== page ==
Photography by Daniel Corrigan, with text by Danny Sigelman
A look back at more than three decades of music in Minneapolis through the lens of one of the most prolific and renowned photographers on the scene.
Daniel Corrigan has been the photographer on the Minneapolis music scene since 1981—just as the scene was coming to life. As both a freelancer and the official house photographer for the legendary club First Avenue, he has captured thousands of live concerts, shot countless band promo photos, and was behind the camera for many of the best-known and most beloved album covers by local artists. This retrospective, culled from his personal archive of tens of thousands of photos, presents a unique perspective into a vibrant world, through nearly 500 evocative black-and-white and color images.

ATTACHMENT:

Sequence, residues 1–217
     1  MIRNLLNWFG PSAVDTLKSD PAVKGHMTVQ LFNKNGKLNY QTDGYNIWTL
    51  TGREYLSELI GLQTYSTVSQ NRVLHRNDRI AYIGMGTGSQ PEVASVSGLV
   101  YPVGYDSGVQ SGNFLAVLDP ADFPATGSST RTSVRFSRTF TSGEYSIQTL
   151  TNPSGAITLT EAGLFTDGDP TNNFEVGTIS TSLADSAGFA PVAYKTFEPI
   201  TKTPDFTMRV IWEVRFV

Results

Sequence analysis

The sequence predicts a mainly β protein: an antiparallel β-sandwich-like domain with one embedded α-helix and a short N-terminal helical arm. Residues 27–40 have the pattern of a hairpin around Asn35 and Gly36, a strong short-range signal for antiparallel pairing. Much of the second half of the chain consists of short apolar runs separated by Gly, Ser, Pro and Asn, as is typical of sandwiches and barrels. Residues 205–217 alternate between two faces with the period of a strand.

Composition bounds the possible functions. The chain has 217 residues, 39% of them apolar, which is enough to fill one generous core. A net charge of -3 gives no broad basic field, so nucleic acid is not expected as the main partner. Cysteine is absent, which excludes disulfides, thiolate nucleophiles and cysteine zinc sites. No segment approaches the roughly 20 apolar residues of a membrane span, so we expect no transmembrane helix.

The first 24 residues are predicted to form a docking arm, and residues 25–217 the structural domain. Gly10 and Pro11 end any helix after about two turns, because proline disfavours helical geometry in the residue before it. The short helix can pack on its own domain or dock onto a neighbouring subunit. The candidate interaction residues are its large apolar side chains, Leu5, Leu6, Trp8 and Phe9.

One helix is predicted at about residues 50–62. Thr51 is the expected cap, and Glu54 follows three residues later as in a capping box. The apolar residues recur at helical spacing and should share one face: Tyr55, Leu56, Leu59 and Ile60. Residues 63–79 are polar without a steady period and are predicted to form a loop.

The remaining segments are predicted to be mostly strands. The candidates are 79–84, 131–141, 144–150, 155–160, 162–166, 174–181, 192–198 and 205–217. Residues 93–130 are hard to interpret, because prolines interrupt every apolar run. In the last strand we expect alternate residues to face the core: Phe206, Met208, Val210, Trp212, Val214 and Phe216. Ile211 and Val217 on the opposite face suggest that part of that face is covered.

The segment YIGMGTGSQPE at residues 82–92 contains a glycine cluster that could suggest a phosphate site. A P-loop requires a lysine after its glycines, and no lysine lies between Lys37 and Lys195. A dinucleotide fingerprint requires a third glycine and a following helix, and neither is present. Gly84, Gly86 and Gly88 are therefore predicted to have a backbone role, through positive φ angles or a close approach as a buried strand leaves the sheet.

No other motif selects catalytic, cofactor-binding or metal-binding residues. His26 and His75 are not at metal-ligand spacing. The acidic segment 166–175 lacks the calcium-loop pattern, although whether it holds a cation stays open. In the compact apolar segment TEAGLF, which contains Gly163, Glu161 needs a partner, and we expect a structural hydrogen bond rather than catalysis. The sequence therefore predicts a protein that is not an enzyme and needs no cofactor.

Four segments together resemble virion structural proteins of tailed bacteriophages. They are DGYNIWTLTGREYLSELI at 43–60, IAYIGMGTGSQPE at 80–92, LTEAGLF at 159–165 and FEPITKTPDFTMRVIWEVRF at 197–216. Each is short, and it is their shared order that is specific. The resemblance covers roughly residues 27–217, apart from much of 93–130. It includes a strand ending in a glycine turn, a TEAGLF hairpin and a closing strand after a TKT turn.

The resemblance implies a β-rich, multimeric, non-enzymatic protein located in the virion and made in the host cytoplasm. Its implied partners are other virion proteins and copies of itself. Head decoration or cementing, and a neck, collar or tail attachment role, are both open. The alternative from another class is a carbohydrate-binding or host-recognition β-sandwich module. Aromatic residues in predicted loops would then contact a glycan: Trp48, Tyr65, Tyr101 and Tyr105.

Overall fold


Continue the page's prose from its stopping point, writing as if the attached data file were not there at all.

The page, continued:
The photos depict legendary Minnesota artists like Prince, the Time, and the bands of Minneapolis’s influential indie-rock scene, such as the Replacements, Hüsker Dü, Soul Asylum, Babes in Toyland, the Jayhawks, and others. Corrigan was also on hand to capture national and international stars who came through the Twin Cities, everyone from the Clash, Iggy Pop, and the Ramones to Michael Jackson, Bruce Springsteen, and AC/DC. Featuring some of his most recent concert work, the book highlights many of the hottest local and global acts of today, including Wilco, the Flaming Lips, Mumford and Sons, Lauryn Hill, Die Antwoord, Tegan and Sara, Metric, Doomtree, Bon Iver, Atmosphere, and many more.
Featuring an introductory essay by music journalist Danny Sigelman, Heyday puts into context Corrigan’s role as a chronicler of rock-and-roll and illustrates the array of talented artists who have come through the Twin Cities, across a wide range of musical styles and genres. In addition to the iconic images from Corrigan’s oeuvre, the book offers a look at lesser-known gems as well as outtakes from legendary photo shoots. Supplemental essays explore Corrigan’s personal recollections of specific shoots, concerts, and interactions with musicians to provide a rare glimpse into this significant yet largely unsung fixture of the Minneapolis music scene.